Today’s reading is from Matthew 21.
Matthew 21 is a lengthy chapter that began detailing the week of Christ’s death, burial, and resurrection. This chapter describes the authority and worthiness of Christ to be king. It began with Palm Sunday where Jesus was praised and welcomed by the people as he ceremonially entered Jerusalem (vv. 1-11). The crowds called him “the prophet from Nazareth,” but in verses 12-13 Jesus demonstrated a greater authority than any prophet. Instead of inveighing (look it up) against the commercialization of worship at the temple as we would expect a prophet to do, Jesus started driving out the merchants and throwing out their stuff. This is what the owner of the temple would do, not a mere prophet.
He also demonstrated his healing power in the temple (v. 14) and received praise there (vv. 15-17), just as God would. This infuriated the temple’s leaders, but brought joy to the heart of God.
In verses 18-22 Jesus demonstrated his kingly authority over nature. His lesson on prayer in verse 22 is not about rearranging the topography of the earth; rather, his point was to teach the disciples that his power was available for them as they went out to advance his kingdom.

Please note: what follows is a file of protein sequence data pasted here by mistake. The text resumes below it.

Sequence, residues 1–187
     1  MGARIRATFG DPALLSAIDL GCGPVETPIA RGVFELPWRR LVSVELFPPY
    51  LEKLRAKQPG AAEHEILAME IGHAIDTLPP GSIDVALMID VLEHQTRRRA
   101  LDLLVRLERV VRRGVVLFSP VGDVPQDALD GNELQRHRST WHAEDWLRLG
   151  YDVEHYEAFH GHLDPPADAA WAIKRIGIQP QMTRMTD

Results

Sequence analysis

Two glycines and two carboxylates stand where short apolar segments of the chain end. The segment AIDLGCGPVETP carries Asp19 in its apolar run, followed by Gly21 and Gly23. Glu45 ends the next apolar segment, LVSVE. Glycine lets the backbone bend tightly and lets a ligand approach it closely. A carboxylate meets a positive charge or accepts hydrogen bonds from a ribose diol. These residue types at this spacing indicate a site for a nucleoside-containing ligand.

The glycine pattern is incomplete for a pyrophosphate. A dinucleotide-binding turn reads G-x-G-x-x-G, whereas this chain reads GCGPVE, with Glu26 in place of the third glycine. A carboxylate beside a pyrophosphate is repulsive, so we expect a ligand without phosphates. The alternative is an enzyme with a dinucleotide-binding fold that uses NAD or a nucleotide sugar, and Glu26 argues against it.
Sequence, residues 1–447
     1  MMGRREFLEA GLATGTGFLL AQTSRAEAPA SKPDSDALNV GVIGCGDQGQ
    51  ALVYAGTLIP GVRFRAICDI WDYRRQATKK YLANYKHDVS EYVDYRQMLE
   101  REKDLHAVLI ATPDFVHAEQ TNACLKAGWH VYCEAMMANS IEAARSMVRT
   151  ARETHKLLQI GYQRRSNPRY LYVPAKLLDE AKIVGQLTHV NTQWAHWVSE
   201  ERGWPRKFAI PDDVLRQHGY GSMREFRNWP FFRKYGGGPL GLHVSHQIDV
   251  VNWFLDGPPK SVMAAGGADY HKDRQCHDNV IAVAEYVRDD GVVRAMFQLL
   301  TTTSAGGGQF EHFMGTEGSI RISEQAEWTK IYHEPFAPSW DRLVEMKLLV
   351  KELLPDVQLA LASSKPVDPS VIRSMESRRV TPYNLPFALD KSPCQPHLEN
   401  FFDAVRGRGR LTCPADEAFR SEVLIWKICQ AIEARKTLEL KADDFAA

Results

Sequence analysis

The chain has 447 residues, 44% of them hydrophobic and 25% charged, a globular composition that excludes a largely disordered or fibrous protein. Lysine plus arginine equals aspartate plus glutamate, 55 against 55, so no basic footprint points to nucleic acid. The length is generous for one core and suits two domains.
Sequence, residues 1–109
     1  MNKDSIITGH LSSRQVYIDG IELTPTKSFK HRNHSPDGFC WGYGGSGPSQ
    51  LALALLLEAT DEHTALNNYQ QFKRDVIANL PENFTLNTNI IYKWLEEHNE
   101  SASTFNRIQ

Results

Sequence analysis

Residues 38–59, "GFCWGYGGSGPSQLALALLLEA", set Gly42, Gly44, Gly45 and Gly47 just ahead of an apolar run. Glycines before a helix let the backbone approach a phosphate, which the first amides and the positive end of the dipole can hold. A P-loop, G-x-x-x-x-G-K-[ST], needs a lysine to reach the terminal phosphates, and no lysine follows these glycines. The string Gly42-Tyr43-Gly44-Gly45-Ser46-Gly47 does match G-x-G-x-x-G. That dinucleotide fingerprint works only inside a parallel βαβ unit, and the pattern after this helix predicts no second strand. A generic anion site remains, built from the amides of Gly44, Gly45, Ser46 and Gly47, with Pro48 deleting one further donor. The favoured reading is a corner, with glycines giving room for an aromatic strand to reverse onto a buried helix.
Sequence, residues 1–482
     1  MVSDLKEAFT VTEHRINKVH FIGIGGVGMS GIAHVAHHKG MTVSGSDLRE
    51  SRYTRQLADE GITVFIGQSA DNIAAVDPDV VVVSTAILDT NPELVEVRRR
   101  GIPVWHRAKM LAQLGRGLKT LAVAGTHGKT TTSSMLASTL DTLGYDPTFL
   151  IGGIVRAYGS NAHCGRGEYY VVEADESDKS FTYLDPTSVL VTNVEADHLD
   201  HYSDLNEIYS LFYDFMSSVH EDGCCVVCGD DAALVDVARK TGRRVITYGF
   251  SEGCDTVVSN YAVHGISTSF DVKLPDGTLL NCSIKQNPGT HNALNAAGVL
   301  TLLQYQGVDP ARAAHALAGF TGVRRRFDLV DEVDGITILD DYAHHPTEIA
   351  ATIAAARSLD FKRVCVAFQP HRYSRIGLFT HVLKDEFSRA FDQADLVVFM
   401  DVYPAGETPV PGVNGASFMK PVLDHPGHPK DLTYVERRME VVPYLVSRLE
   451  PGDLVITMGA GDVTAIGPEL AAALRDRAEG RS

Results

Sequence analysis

Ever the teacher, Jesus used these early days of holy week to deliver God’s word in the temple (v. 23a) but the religious leaders of the temple questioned his authority to do all the things he was doing in verse 23b. Jesus stumped them with a riddle (vv. 24-27), then taught them a lesson about who really pleased God (vv. 28-32). Finally, he foreshadowed his own death with another parable (vv. 33-42) and proclaimed judgment on those who considered themselves to be godly, religious men. Instead of receiving the kingdom that they claimed to be seeking, they would be rejected and the kingdom would be passed on “to a people who will produce its fruit” (v. 43b). This is a reference to believing Jews, of which there were many in the dawning days of the church but it also refers to believing Gentiles, including you and me. The phrase, “those who will produce its fruit” reminds us that kingdom productivity is God’s goal in saving us. Of course God, in love, wanted to redeem us from God’s wrath, but he wanted to do so much more than that. Christ’s mission was to produce people who were redeemed by Christ and were producing the fruit of the Spirit in us and the fruit of evangelism through us. As we start a new workweek today and go out into the world, remember that the world where we work is God’s field. He is sending us out there not just to be productive for our employer but to be productive for his kingdom. Let’s look for some ways to have kingdom conversations this week. Our king deserves it, his chosen ones need it, and we were redeemed for it!